Thank you for continuing to play. Thank you for not forgetting our promise. Chihaya just wanted to say that, but hot tears poured down her cheeks instead.
Taichi frantically held out a handkerchief and stood in front of Chihaya so that the people around them wouldn’t see.
'Is it really worth crying over? Here, use this.’
'I… I have… one.’
Chihaya went through her bag.
'Even though you always wiped your mouth with your sleeve in elementary school… What a strange character this is. A drunk old man?’
'N… no… This is Daddy Bear.’
With a Daddy Bear handkerchief in hand, Chihaya kept crying. Taichi patted Chihaya on the head.
’… Karuta’s fun, isn’t it.’
Chihaya nodded numerous times.
They reached the next station.
'Eh?’ said Taichi. 'Look over there. Isn’t that the pork bun guy?’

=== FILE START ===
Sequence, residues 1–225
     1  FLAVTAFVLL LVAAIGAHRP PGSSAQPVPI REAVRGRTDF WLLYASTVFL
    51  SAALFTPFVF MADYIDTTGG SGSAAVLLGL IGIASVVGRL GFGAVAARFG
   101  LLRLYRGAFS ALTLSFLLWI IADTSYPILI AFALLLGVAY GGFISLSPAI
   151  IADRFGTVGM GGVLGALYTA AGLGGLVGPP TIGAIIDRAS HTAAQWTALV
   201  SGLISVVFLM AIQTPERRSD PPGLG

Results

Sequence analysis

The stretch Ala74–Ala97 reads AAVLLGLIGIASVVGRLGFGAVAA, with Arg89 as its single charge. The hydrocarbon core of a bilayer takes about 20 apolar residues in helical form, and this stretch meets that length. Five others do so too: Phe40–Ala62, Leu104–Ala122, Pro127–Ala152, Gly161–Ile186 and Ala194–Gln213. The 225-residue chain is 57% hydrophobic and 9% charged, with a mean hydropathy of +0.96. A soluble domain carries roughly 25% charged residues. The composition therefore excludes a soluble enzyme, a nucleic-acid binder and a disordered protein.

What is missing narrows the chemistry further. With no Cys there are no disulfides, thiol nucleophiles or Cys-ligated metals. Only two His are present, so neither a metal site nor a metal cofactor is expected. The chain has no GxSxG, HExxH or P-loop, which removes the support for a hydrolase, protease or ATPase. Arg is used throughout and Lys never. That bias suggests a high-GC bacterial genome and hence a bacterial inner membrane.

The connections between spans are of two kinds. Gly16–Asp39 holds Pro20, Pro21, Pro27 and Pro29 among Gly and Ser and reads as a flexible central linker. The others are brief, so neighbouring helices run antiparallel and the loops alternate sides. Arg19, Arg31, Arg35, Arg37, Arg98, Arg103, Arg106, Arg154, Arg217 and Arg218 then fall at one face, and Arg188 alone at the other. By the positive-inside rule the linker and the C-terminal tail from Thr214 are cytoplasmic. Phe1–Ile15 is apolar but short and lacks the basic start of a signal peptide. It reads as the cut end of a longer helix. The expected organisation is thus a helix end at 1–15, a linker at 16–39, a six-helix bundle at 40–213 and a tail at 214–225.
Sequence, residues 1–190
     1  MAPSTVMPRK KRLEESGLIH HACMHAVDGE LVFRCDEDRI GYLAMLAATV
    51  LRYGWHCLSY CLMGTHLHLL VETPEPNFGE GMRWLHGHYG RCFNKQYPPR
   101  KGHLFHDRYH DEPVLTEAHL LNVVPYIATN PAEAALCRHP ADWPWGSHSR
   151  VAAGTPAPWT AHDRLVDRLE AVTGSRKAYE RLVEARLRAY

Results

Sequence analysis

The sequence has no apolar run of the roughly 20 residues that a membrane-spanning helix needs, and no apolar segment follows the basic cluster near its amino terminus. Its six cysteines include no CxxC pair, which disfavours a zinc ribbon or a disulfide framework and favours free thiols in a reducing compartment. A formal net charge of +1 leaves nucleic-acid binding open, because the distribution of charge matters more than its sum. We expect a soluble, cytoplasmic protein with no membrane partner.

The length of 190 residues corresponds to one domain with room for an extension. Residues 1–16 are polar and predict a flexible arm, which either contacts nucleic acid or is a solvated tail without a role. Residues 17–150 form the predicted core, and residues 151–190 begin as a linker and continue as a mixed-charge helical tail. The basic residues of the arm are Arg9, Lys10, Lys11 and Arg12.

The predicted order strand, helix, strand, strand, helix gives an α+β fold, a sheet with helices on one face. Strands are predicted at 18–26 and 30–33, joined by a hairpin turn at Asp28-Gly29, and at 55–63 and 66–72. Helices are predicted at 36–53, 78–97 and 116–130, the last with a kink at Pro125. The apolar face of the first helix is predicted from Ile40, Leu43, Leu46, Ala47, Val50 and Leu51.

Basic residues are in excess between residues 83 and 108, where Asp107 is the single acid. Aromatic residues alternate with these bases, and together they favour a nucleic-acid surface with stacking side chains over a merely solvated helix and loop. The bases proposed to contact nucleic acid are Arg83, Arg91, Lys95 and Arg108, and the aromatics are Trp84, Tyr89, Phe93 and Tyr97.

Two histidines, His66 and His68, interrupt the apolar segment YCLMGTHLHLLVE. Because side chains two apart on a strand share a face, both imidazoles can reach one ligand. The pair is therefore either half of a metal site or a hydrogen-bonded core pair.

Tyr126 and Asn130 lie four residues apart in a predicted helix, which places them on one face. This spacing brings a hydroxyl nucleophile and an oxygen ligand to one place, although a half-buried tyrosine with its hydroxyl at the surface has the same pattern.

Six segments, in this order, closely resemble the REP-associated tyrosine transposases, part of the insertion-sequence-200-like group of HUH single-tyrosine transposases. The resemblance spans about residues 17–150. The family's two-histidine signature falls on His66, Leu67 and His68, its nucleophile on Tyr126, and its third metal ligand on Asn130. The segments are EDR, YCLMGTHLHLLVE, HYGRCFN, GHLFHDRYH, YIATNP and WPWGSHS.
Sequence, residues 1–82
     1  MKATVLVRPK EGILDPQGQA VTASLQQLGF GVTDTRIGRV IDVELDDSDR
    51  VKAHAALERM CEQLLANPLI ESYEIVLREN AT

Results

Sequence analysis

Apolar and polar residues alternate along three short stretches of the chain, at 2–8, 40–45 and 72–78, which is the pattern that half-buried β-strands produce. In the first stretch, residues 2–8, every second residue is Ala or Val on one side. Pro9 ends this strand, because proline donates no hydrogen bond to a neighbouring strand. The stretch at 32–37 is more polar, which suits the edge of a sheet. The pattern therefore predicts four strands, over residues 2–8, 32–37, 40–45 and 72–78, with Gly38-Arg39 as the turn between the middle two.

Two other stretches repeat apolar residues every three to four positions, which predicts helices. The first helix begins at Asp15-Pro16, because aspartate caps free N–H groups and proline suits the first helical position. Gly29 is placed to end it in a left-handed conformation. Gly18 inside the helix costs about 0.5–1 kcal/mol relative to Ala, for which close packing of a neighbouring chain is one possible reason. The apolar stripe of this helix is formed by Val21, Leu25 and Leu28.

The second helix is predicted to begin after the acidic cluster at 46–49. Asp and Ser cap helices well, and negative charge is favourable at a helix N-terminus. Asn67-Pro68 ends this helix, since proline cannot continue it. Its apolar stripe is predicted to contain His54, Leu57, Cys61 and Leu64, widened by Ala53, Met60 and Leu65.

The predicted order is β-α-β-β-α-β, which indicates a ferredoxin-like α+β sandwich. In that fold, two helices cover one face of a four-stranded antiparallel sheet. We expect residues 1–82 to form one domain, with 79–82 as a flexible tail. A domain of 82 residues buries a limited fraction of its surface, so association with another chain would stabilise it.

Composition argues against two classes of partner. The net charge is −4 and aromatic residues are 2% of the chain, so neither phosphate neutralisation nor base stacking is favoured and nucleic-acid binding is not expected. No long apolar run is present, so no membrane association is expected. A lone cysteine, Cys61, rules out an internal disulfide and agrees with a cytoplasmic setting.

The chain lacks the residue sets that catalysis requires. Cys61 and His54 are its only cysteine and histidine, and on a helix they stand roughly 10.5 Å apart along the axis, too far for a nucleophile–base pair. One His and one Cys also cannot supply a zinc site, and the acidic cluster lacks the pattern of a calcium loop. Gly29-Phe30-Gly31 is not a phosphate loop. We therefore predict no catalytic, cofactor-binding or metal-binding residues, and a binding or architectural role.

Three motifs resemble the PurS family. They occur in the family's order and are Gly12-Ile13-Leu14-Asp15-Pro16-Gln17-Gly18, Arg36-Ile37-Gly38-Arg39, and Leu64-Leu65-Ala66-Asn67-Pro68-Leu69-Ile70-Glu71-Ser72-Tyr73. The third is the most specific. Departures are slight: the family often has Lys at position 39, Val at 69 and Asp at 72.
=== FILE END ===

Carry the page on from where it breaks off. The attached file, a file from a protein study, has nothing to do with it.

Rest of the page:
Chihaya wiped away her tears and looked at where Taichi was pointing – the platform.
'The round guy we played in a team competition. Don’t you remember? From Suihaku Society. The guy who lost at the national competition finals to Arata – ’
'Ah! That pork bun!’
The roundish boy with a tennis racquet handle sticking out of his sports bag was running along the platform. It looked like he had gotten off this train and was running towards the gates.
Chihaya and Taichi looked at each other.
'It doesn’t suit him…’
The boy tripped and his racquet flew out of his bag. The cover fell off and the strings snapped.
'I wonder if he’s still playing karuta. I don7t see him at the competitions… so he’s playing tennis now…’ murmured Chihaya. Then, the bell announced that the train was about to start.
'Maybe the pork bun didn’t have friends to play karuta with in middle school either.’
'People have their own situations. If he still likes karuta… you might meet him again somewhere someday.’
After returning home from shopping, Chihaya found the next year’s New Year’s cards on the living room table. Her mother had bought them yesterday. It seemed like her older sister had increased the amount she would send this year as many were prepared.